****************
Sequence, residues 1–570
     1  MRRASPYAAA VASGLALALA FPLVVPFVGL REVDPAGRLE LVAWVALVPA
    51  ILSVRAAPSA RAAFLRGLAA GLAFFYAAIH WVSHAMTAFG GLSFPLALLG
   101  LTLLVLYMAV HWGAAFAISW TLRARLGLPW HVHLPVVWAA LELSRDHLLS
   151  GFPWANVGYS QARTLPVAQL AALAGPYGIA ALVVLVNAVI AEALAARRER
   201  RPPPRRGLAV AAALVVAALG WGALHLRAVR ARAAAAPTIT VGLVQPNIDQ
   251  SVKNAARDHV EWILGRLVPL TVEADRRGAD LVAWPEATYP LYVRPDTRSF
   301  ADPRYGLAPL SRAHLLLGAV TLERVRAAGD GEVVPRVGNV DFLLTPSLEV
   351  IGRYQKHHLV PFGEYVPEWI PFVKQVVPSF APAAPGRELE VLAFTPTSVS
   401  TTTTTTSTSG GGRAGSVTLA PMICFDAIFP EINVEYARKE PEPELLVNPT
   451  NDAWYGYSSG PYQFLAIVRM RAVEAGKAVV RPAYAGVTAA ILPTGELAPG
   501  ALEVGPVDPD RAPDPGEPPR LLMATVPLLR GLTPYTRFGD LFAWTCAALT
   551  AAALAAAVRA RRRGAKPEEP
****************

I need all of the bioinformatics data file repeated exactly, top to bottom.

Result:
Sequence, residues 1–570
     1  MRRASPYAAA VASGLALALA FPLVVPFVGL REVDPAGRLE LVAWVALVPA
    51  ILSVRAAPSA RAAFLRGLAA GLAFFYAAIH WVSHAMTAFG GLSFPLALLG
   101  LTLLVLYMAV HWGAAFAISW TLRARLGLPW HVHLPVVWAA LELSRDHLLS
   151  GFPWANVGYS QARTLPVAQL AALAGPYGIA ALVVLVNAVI AEALAARRER
   201  RPPPRRGLAV AAALVVAALG WGALHLRAVR ARAAAAPTIT VGLVQPNIDQ
   251  SVKNAARDHV EWILGRLVPL TVEADRRGAD LVAWPEATYP LYVRPDTRSF
   301  ADPRYGLAPL SRAHLLLGAV TLERVRAAGD GEVVPRVGNV DFLLTPSLEV
   351  IGRYQKHHLV PFGEYVPEWI PFVKQVVPSF APAAPGRELE VLAFTPTSVS
   401  TTTTTTSTSG GGRAGSVTLA PMICFDAIFP EINVEYARKE PEPELLVNPT
   451  NDAWYGYSSG PYQFLAIVRM RAVEAGKAVV RPAYAGVTAA ILPTGELAPG
   501  ALEVGPVDPD RAPDPGEPPR LLMATVPLLR GLTPYTRFGD LFAWTCAALT
   551  AAALAAAVRA RRRGAKPEEP